The Party of European Socialists wants to distance itself from its Romanian comrades — but there's still no consensus over how to do so. This hasn't done any favors for the party's credibility, writes Robert Schwartz.
Anyone who had hoped that the Party of European Socialists (PES) would finally unleash the full force of its proletarian displeasure on its Romanian comrades must now be disappointed by the political group's relative inaction.
This is despite the fact that for over two years, Romania's governing Social Democratic Party (PSD) has taken every opportunity to abolish constitutional democracy and bring the judiciary under its control. It has been fighting for amnesty for high-ranking politicians convicted of corruption, in particular for party leader Liviu Dragnea.
The PSD has also whipped up public opinion against the former head of the Romanian anti-corruption authority, Laura Codruta Kovesi, considered the front-runner to lead a new EU office fighting fraud. And some of the party's policies are openly hostile to LGBTQ+ people and other marginalized minority groups.
No, the PSD has not (yet) been excluded from the PES. Nor has it been suspended, as the European People's Party (EPP) recently decided to do with Hungary's right-wing Fidesz, led by Prime Minister Viktor Orban.
Relations with the PSD will merely be "frozen" for the time being. Candidates from center-left parties across the continent will not appear with PSD politicians in the run-up to the European Parliament elections at the end of May: There will be no election rallies, no panel discussions, no TV appearances with the pariahs from southeastern Europe.
Criticism from all sides
The future of the PSD looks far from rosy. In a special debate in the European Parliament in mid-April, the PSD-led government's repeated attacks on the constitution were once again roundly condemned.
There was also criticism from German Justice Minister Katarina Barley, the Social Democratic Party's lead candidate in the elections for the European Parliament, who declared that there would be consequences for the PSD. These weren't long in coming: Almost simultaneously, the head of the PES, Sergei Stanishev, announced the freeze in relations — a largely symbolic move, at least at this stage.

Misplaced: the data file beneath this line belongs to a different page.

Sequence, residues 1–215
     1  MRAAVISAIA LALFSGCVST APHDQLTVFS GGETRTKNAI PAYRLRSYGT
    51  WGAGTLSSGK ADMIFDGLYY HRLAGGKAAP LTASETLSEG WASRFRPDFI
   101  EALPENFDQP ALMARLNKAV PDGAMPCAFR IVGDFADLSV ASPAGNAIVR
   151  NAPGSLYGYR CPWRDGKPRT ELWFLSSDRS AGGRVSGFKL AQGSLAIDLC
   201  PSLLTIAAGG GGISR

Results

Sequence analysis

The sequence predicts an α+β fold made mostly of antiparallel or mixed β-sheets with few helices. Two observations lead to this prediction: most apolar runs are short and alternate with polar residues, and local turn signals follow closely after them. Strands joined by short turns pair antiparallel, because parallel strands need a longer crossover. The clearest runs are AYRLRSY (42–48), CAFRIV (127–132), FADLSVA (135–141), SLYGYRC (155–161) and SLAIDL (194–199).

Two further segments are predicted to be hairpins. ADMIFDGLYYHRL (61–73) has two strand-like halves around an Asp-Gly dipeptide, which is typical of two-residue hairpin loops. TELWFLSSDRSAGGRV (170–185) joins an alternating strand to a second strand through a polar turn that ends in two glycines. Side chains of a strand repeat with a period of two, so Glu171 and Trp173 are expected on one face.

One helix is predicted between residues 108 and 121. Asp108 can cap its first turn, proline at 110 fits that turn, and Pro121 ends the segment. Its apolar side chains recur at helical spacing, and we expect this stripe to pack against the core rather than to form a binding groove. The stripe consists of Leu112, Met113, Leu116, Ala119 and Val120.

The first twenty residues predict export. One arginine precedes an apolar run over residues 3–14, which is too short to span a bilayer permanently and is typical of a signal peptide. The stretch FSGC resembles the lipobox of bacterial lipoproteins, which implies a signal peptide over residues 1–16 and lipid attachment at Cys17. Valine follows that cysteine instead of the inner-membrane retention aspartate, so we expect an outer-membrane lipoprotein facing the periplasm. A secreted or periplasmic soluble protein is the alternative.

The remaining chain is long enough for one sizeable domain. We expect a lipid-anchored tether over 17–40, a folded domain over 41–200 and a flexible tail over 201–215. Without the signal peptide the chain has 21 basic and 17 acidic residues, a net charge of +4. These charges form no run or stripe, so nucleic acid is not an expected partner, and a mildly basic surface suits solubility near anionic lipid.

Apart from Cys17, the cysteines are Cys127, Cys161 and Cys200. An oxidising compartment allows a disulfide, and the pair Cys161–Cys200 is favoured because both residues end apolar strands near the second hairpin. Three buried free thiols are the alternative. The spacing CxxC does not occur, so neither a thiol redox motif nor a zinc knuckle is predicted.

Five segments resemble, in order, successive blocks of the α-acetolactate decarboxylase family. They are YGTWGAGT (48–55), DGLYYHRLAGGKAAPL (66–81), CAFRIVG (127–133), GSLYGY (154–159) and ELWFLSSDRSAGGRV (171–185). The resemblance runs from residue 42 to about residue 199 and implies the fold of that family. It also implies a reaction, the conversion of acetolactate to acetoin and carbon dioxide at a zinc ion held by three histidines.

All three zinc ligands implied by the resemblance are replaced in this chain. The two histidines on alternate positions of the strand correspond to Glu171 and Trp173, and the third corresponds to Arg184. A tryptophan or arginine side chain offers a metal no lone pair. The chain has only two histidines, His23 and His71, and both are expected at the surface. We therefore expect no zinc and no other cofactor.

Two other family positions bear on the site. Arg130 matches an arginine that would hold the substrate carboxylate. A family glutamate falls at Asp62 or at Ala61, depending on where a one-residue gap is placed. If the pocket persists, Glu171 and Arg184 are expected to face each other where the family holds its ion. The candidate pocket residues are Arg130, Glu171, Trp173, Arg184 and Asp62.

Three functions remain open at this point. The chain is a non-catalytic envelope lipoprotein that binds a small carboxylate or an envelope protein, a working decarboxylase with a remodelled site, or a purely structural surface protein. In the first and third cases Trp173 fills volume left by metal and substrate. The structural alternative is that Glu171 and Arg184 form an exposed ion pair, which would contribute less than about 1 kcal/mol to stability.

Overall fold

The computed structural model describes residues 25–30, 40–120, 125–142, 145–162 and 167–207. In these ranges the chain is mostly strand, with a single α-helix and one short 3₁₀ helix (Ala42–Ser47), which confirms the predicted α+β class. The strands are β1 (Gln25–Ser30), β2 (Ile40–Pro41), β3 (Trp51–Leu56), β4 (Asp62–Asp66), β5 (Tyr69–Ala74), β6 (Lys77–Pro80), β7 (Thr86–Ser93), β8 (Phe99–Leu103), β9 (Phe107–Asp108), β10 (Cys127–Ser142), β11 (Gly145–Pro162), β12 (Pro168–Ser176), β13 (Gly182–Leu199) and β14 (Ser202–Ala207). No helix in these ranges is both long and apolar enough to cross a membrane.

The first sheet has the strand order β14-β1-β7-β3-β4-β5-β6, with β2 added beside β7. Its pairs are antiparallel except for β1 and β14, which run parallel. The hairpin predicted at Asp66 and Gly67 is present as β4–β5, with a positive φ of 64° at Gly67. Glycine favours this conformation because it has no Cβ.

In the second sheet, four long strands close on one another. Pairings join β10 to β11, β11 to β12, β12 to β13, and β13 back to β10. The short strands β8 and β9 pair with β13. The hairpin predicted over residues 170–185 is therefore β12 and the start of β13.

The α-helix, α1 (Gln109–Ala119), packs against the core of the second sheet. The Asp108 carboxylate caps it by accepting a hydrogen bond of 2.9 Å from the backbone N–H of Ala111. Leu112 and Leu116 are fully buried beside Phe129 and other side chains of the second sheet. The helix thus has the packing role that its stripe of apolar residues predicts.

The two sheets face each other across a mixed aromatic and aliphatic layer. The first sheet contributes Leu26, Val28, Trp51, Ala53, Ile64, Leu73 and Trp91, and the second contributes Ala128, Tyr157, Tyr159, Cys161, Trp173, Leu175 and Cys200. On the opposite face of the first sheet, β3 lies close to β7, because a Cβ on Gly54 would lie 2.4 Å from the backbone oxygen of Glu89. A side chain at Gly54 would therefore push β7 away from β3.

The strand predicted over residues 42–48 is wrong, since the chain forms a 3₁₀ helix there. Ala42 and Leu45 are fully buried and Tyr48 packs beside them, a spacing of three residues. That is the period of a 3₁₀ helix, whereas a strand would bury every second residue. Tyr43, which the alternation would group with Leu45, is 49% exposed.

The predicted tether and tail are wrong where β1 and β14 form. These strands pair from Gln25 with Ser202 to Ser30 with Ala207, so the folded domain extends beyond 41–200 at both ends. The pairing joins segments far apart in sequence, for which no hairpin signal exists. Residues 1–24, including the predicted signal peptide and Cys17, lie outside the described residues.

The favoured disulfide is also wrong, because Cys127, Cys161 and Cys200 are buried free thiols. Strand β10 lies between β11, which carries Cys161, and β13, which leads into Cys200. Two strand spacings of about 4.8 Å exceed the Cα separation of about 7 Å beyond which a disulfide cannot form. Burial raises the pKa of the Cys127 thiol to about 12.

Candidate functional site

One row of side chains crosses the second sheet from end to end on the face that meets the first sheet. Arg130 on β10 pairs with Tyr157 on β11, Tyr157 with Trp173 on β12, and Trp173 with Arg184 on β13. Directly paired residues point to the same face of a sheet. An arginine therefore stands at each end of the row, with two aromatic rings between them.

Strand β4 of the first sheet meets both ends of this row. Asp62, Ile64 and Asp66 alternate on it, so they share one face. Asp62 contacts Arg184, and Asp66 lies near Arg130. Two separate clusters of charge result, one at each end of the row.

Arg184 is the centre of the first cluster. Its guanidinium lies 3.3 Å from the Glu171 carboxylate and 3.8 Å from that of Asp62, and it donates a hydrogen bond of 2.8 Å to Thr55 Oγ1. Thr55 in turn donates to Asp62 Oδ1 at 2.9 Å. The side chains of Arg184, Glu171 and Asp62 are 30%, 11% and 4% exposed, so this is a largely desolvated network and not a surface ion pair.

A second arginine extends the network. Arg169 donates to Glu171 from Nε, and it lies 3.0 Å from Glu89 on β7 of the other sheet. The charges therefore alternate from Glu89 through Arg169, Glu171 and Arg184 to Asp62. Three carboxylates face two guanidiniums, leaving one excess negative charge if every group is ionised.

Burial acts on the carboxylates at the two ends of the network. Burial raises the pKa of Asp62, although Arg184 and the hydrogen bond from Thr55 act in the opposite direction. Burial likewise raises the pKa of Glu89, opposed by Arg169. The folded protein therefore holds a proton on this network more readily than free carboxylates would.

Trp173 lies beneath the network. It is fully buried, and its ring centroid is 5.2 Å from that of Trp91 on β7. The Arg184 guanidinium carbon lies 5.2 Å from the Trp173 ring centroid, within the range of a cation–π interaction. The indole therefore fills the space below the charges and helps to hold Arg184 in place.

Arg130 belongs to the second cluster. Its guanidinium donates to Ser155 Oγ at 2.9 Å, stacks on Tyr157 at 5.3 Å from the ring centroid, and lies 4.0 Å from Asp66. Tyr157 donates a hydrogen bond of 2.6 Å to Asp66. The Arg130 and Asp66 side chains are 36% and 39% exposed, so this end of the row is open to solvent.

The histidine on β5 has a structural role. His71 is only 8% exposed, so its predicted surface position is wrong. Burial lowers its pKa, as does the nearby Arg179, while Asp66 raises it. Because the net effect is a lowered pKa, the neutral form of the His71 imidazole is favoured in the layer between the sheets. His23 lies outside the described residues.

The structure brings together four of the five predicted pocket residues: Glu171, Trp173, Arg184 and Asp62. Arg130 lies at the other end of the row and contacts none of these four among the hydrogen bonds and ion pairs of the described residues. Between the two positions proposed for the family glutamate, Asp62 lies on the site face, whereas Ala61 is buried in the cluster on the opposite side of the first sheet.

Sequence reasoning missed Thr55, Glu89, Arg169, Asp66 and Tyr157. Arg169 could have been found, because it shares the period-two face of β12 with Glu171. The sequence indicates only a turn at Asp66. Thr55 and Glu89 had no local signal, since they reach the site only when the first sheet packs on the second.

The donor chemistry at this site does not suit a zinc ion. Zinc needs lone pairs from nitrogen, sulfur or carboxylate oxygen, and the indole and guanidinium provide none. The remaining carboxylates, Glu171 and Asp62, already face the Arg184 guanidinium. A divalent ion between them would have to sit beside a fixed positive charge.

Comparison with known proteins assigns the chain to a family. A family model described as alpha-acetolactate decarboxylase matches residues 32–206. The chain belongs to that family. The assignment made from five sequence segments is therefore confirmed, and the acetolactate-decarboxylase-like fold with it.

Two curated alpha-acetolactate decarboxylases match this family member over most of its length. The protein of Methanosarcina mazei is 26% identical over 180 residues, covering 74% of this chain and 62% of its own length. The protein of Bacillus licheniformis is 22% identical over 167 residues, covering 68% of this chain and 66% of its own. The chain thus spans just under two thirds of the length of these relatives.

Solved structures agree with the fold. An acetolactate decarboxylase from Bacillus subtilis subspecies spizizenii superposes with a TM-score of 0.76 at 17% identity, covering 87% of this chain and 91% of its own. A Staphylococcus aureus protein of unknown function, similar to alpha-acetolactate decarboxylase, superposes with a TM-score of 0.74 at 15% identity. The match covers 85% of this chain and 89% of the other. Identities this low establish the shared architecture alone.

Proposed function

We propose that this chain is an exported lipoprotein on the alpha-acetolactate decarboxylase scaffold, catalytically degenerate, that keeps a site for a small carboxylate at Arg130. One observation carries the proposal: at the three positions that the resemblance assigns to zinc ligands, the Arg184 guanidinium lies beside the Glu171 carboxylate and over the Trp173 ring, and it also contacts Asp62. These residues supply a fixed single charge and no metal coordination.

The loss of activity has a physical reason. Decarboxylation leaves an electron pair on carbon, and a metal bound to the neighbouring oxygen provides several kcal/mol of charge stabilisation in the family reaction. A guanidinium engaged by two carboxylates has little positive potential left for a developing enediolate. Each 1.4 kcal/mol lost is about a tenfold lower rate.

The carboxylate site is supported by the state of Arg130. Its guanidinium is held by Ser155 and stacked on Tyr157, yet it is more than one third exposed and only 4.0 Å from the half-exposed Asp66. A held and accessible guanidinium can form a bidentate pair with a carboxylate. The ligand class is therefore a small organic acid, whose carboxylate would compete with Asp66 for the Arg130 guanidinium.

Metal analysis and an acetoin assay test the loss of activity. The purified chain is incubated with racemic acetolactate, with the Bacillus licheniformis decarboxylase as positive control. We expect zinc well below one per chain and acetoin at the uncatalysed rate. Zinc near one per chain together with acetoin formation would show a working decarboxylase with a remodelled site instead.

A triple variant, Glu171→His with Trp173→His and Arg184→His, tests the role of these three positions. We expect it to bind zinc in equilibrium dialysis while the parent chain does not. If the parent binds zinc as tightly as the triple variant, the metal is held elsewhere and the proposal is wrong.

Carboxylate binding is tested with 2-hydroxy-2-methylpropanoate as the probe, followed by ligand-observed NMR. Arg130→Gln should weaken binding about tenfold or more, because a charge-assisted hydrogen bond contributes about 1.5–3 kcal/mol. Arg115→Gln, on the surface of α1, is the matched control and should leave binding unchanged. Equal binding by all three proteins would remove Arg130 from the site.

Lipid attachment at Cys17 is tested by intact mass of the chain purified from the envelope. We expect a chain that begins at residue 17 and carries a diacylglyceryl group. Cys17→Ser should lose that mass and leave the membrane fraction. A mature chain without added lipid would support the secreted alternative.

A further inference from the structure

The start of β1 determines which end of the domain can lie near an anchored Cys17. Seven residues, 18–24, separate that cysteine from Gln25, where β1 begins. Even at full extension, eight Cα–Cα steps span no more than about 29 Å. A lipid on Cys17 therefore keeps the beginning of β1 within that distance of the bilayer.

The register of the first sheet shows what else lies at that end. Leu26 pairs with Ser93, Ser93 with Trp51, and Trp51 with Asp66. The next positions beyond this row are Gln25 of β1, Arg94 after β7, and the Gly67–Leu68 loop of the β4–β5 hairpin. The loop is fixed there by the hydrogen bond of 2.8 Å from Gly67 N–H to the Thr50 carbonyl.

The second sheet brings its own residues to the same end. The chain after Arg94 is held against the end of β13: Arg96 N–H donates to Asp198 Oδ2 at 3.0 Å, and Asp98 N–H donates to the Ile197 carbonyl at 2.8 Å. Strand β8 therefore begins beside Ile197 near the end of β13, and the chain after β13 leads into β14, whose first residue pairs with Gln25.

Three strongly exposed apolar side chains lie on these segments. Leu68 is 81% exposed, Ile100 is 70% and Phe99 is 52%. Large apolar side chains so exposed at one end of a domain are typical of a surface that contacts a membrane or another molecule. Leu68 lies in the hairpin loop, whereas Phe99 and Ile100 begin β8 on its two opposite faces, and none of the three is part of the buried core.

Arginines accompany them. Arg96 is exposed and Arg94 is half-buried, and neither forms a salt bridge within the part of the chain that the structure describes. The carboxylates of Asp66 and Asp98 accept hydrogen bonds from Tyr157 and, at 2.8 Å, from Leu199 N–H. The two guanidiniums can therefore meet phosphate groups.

It can't have been an easy step for Stanishev, a Bulgarian social democrat. He's all too well aware that his own party, the Bulgarian Socialist Party (BSP), is in the same boat as its Romanian neighbors. The BSP is currently in opposition in Sofia, but corruption affairs from Stanishev's time in office as Bulgaria's prime minister from 2005 to 2009 cast a long shadow.
Realpolitik instead of consequences
By now, it should be clear to every last European Parliament backbencher that parties must cut ties with national parties that do not work toward the common good. European democracy is at stake. Those who don't take action are trampling the European values that are — rightly — held in such high esteem. Political allegiances cannot be allowed to play a part.
And yet, the PES intends to wait until June to discuss whether to unfreeze relations with the PSD or permanently separate. Why only in June? Because the whole process depends on the result of the European elections in May.
The parliamentary group to which the PES, and thus also the PSD, belong — the Socialists & Democrats — is optimistic about the elections. It's hoping that its top candidate, Frans Timmermans, currently a vice president in the European Commission, will take the presidency. Every vote counts, even if cast by the pariahs of the family.
It's only when this calculation no longer works out in its favor that, chastened, the PES will be able to pay attention to its credibility and find a way to separate from the PSD, which has long since left social democratic values behind and become a hotbed of corruption. It doesn't exactly show commitment — but that's realpolitik.